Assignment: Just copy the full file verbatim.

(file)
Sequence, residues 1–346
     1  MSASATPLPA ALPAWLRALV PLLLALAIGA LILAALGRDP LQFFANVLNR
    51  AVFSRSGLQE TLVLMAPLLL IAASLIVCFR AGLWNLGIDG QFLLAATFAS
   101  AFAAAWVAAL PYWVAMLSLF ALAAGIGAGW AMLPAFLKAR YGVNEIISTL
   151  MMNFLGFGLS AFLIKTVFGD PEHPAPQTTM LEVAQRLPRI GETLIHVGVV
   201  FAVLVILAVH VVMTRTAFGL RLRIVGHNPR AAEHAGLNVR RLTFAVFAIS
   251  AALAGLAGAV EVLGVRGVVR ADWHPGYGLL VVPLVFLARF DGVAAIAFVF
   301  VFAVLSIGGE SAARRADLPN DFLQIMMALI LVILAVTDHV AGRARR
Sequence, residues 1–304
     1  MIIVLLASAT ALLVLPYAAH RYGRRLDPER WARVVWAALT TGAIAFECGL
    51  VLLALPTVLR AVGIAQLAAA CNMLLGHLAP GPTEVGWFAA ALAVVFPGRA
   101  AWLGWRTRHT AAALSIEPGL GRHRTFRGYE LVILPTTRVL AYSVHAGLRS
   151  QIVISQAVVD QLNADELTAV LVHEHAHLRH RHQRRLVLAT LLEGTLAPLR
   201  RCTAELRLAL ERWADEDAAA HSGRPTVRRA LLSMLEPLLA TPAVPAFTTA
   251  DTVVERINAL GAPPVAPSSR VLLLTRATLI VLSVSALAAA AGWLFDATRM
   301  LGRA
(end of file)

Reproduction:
Sequence, residues 1–346
     1  MSASATPLPA ALPAWLRALV PLLLALAIGA LILAALGRDP LQFFANVLNR
    51  AVFSRSGLQE TLVLMAPLLL IAASLIVCFR AGLWNLGIDG QFLLAATFAS
   101  AFAAAWVAAL PYWVAMLSLF ALAAGIGAGW AMLPAFLKAR YGVNEIISTL
   151  MMNFLGFGLS AFLIKTVFGD PEHPAPQTTM LEVAQRLPRI GETLIHVGVV
   201  FAVLVILAVH VVMTRTAFGL RLRIVGHNPR AAEHAGLNVR RLTFAVFAIS
   251  AALAGLAGAV EVLGVRGVVR ADWHPGYGLL VVPLVFLARF DGVAAIAFVF
   301  VFAVLSIGGE SAARRADLPN DFLQIMMALI LVILAVTDHV AGRARR
Sequence, residues 1–304
     1  MIIVLLASAT ALLVLPYAAH RYGRRLDPER WARVVWAALT TGAIAFECGL
    51  VLLALPTVLR AVGIAQLAAA CNMLLGHLAP GPTEVGWFAA ALAVVFPGRA
   101  AWLGWRTRHT AAALSIEPGL GRHRTFRGYE LVILPTTRVL AYSVHAGLRS
   151  QIVISQAVVD QLNADELTAV LVHEHAHLRH RHQRRLVLAT LLEGTLAPLR
   201  RCTAELRLAL ERWADEDAAA HSGRPTVRRA LLSMLEPLLA TPAVPAFTTA
   251  DTVVERINAL GAPPVAPSSR VLLLTRATLI VLSVSALAAA AGWLFDATRM
   301  LGRA